News organizations represent a source of pressure on a president and also serve as an important resource as he seeks to govern. In the 1990s and now in the new century, a president can expect to answer the queries of reporters two or three times a week and to make public addresses and remarks on an average of once a day, six days a week. Such appearances are regularly broadcast nationally on cable television. Gone are the days when presidential remarks were delivered to a select audience and only that audience. Now a president's responses to reporters' questions and his remarks to groups are broadcast live on more than one cable television channel. For a president in the new century, there are no off the record remarks, no statements made on background, and no speeches to a limited audience. The presidency today is on the record and broadcast live to audiences around the world.
Reporters as a White House Presence: Questioning the President
When President Bush came into office, there was in place at the White House a communications operation with nearly 100 reporters at their station ready for the new president to make news. Then and now, television reporters are prepared to broadcast from the north driveway from an area known as "Pebble Beach" where 13 news organizations can go live with their regular and breaking news reports. The Press Room is in operation with radio and wire reporters housed in ten and two booths, respectively, set aside for use for their frequent reports, five booths for individual television network correspondents as well as space for their crews, and assigned space for those working for daily newspapers and news magazines, including photographers. Whereas on a typical day not all of the spaces are occupied, there are others around who sometimes fill those places. On a normal day when there is an event to cover, there are ten to fifteen photographers around the Press Room as well as twenty camera people working as crews for the networks. Thus, the White House staff faces an operation in place over which they have no directional authority, which is poised to cover the president. The approximately one hundred people included among those regularly working at the White House for news organizations expect a president to make news and for the White House staff to provide them on a regular basis with the information they need in order to file their reports and go on the air.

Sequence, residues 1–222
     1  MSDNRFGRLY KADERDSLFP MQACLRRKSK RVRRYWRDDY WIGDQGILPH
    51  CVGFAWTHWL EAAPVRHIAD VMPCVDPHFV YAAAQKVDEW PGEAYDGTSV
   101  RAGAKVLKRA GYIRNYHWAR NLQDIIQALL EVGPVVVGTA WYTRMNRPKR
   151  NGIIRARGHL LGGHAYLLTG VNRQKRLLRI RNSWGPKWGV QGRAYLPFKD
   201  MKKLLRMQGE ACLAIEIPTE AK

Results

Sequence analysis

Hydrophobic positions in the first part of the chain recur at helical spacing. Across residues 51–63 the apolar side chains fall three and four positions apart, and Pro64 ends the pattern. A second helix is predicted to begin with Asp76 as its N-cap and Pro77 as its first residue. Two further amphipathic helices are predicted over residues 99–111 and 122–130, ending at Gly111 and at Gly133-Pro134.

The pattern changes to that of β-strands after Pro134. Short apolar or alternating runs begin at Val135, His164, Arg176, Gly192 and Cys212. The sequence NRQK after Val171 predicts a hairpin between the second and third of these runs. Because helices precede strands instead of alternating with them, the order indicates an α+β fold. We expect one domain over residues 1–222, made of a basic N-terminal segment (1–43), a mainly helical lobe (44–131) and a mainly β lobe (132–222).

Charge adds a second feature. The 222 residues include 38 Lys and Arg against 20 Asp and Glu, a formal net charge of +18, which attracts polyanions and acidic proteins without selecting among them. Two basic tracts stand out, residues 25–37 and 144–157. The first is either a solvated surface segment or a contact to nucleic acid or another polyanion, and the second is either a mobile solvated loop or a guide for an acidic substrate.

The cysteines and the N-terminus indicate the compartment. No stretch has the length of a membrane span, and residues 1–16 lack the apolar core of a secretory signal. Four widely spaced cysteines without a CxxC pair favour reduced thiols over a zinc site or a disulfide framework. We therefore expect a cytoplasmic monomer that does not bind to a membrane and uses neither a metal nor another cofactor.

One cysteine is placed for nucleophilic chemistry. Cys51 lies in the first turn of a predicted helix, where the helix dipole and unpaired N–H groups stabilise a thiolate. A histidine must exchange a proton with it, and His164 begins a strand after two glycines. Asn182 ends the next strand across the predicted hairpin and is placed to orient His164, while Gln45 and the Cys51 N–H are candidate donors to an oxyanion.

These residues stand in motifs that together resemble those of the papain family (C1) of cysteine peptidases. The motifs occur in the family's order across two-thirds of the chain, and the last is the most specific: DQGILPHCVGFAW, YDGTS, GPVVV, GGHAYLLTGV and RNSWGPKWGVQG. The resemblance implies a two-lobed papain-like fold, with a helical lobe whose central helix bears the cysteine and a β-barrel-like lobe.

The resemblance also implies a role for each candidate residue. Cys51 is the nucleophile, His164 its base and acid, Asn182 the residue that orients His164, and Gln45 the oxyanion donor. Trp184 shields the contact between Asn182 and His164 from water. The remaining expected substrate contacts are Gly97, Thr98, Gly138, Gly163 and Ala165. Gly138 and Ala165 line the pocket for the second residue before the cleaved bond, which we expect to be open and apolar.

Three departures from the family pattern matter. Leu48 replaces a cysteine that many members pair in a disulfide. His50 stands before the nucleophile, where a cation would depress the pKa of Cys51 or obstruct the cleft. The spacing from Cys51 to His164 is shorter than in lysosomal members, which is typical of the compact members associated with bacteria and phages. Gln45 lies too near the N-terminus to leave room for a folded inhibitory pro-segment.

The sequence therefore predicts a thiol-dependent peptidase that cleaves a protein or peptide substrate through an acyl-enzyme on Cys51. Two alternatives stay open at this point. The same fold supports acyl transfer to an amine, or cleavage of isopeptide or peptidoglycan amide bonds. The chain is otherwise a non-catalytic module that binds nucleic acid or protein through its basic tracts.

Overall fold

Because news organizations view chronicling the presidency in terms of covering the president himself, their reporters focus their attention on getting the president on the record on a daily basis. In particular, they seek his public responses to their queries in preference to getting his views as spoken by his surrogates. Although reporters do not get to query him every day, they expect to see and hear from him daily and to question him in at least a brief session two or three times a week. The expectations of White House reporters are based on their recent experiences. President Clinton and his immediate predecessors left behind for President Bush a record of meeting fairly frequently with reporters to answer their queries. Whereas the longer press conferences reporters prefer are not as frequent as the shorter question and answer sessions, in recent years news organizations have had significant opportunities to directly query a president. When a new president comes into office, news organizations anticipate the pattern of frequent access will continue.
With the expansion of cable news networks from a lone network, CNN (established in 1981), to the addition of MSNBC (1996) and Fox (1996), the expectations of regular queries from reporters grew during the Clinton years. Not only did reporters expect the president to meet with them on a fairly regular basis in a press conference setting, they anticipated he would take their queries at sessions before and following official presidential sessions with members of Congress, the Cabinet, and visiting foreign and international leaders. …